Space is a harsh environment that affects the body in many ways. In microgravity, bone loss occurs at a rate of 1 to 1.5 percent a month, leading to an acceleration of age-related changes similar to osteoporosis. Decreases in bone density and strength are more pronounced in some skeletal regions, such as the pelvis, although much of the loss is reversible upon return to Earth. Prolonged exposure to weightlessness also increases the risks of kidney stones and bone fractures, which are both associated with bone demineralization. In addition, studies suggest that microgravity alters the ability of bones to heal after fractures.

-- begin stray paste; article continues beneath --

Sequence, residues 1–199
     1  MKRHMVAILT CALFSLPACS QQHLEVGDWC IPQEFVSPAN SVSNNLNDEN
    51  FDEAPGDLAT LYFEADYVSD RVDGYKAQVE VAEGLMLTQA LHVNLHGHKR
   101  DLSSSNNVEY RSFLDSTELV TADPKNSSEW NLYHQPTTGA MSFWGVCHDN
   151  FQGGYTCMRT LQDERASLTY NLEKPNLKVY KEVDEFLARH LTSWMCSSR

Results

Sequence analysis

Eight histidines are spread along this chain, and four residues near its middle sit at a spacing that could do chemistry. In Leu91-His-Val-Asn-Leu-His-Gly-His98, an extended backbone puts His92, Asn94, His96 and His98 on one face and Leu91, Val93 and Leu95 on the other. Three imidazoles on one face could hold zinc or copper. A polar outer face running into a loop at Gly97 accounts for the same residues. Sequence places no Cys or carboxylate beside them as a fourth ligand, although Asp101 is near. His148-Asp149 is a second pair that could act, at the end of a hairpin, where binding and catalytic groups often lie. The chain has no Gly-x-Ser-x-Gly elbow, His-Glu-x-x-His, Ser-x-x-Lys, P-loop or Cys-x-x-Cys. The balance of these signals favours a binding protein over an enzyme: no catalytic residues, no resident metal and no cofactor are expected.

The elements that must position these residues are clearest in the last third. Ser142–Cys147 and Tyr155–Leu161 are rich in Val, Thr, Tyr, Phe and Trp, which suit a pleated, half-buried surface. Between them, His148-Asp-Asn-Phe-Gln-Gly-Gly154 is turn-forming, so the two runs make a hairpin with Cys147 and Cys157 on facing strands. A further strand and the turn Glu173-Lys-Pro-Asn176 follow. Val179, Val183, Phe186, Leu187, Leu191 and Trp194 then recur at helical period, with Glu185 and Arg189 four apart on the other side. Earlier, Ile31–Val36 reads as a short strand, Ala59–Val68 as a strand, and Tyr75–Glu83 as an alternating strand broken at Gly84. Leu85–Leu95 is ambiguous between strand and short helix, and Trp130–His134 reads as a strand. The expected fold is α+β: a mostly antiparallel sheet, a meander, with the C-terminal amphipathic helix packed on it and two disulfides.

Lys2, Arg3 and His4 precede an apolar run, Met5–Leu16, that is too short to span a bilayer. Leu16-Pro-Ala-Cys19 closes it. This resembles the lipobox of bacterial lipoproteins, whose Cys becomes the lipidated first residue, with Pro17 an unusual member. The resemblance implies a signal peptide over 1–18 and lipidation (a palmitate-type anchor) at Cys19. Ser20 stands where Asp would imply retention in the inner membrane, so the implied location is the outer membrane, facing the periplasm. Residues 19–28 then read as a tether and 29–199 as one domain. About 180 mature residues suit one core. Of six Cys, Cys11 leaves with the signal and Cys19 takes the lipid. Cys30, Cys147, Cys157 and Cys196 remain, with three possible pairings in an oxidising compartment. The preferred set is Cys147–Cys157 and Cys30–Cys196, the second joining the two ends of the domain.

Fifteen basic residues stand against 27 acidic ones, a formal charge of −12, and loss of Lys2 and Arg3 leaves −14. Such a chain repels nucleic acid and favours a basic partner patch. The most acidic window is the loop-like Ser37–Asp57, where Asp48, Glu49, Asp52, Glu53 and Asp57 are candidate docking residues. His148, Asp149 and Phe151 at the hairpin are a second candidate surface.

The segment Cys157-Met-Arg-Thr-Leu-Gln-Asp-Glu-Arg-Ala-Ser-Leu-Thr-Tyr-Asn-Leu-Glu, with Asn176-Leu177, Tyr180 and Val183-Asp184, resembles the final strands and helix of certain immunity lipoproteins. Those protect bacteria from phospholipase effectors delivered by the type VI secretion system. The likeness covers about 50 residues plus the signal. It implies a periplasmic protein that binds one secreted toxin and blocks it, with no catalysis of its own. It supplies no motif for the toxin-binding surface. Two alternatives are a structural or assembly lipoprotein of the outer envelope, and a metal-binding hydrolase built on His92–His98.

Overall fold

Long stays in space also impact muscles. There is loss of muscle mass, strength and endurance, especially in the lower extremities. Changes in muscle performance, coupled with the effects of microgravity on connective tissues and the demands of activities of varying intensities, place astronauts at risk of fatigue and injury.